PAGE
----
Hexo Theme Auto Update on GitHub Actions
Due to the limitation of
git you cannot have a repository inside another with it both modified and uploaded but don’t affect the upstream. It happens that the inner repo does not belong to you but you want to keep it up-to-date with GitHub Actions but still maintain the ability to modify it, here is the solution.
It doesn’t mean we can skip or fix the limit of
git, but we can find a way to avoid that. Since there may be sensitive informations in your theme’s config, it is not recommended to directly fork the repo. Instead, create a new repo at GitHub and mirror the theme repo like below:
git clone --bare https://github.com/exampleuser/the-theme-repo.git
Now you have the full permissions to make modifications to it. With your changes all done, commit and push them to the cloud.
ssh-keygen -t ed25519 -b 4096 -C "$(git config user.email)" -f github-deploy-key to generate a key pair for the workflow to update the theme repo automatically, hit enters. Don’t put passphrases, or there can be problems for Actions to use it. Make sure you do not upload your key pair to the cloud.
Open your theme repo, paste the content of the public key
github-deploy-key.pub to its
Deploy keys section in settings:
Naming doesn’t matter, but you might want to give it a good name if you don’t want to mess it up in the future.
Since the theme is now saved in the cloud, we no longer need locally. Remove it, commit, add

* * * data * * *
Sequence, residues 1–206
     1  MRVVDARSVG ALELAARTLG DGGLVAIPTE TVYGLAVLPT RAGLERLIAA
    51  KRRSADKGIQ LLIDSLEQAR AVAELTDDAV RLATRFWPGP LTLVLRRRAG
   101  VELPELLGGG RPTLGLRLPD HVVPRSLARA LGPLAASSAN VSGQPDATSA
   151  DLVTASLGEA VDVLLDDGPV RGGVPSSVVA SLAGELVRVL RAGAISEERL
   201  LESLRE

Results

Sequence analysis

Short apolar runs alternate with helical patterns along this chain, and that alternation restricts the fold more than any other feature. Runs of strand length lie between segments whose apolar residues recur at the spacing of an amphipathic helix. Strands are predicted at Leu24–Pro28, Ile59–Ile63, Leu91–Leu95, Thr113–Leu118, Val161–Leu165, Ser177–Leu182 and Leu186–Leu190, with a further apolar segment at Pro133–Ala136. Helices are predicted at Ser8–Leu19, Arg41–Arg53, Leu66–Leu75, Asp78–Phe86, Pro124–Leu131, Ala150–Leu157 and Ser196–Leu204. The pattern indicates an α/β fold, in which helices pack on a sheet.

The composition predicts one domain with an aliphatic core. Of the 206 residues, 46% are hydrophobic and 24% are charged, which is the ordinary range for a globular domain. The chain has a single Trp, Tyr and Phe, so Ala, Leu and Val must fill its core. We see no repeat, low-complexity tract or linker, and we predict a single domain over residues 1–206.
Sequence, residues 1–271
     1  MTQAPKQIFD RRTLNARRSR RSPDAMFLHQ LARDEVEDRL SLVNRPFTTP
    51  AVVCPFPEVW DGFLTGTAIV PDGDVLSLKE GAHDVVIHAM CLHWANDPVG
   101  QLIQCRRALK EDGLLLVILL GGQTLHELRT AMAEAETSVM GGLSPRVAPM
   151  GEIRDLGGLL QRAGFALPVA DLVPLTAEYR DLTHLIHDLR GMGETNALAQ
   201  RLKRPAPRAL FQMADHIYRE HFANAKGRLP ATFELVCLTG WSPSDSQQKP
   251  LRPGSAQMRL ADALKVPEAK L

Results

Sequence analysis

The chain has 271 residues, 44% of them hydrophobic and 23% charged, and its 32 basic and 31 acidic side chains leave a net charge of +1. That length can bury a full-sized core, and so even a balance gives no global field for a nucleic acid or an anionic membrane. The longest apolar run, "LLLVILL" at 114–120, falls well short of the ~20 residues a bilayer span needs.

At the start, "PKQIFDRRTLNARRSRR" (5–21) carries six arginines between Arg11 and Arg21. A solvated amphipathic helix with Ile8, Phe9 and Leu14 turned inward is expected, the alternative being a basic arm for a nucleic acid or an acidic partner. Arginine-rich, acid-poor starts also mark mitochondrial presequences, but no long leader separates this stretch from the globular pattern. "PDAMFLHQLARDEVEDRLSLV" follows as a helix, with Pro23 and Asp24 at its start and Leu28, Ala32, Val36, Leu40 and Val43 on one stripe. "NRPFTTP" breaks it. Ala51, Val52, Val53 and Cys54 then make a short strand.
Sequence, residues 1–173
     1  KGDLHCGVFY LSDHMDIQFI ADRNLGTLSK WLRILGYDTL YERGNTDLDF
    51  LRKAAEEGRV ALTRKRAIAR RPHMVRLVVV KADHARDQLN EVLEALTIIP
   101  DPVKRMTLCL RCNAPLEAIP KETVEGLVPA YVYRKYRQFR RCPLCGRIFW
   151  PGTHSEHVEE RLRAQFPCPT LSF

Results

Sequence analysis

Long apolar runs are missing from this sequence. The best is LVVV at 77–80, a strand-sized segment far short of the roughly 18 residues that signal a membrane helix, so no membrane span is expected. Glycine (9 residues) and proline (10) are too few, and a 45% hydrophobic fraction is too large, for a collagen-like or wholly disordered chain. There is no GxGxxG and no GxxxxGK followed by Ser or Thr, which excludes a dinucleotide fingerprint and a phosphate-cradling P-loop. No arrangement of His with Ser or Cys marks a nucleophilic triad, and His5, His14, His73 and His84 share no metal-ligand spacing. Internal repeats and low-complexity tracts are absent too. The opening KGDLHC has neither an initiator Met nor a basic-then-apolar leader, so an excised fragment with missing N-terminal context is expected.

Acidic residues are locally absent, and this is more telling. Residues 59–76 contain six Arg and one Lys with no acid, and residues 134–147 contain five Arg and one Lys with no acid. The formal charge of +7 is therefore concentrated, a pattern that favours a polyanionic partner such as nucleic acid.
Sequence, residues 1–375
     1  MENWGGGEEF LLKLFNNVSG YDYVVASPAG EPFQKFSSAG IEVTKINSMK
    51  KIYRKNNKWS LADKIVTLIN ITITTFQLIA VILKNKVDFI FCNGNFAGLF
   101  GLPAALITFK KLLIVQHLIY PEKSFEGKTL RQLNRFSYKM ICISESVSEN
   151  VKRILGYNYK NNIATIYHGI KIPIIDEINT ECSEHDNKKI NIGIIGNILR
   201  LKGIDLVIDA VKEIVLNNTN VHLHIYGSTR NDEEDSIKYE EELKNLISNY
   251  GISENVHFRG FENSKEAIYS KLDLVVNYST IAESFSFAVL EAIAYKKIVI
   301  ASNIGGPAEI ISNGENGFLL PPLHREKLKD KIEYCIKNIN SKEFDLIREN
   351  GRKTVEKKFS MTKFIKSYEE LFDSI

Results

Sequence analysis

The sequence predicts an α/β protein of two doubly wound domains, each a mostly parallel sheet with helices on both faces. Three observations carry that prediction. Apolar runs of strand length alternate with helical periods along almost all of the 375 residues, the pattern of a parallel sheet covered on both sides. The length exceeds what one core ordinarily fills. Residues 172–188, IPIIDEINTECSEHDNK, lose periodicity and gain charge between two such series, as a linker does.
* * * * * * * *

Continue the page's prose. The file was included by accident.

.gitignore, commit again.
Add the private key you just created
github-deploy-key to the
Secrets section in settings of your blog repo:
THEME_UPDATE_PRIV_KEY here, you can use your own name, but remember to change the workflow accordingly.
Here comes the important part, let’s update the workflow to do the following things:
git cloneyour fork of the theme
- check for updates in the upstream
- update your fork on any changes
- build and upload your blog as we did in my previous post
Take the following workflow as a reference:
You can find the only changes happen is the new
Update Themes block, details have been added as comments. If the upstream changes do not affect your own changes, the workflow should finish by itself and everything’s fine. But if there is something wrong with you files, a merge failure will come up and fail the workflow as well. You will receive an email from GitHub notifying you about that, and you can fix the conflicts manually. Before that, nothing on your blog will be changed.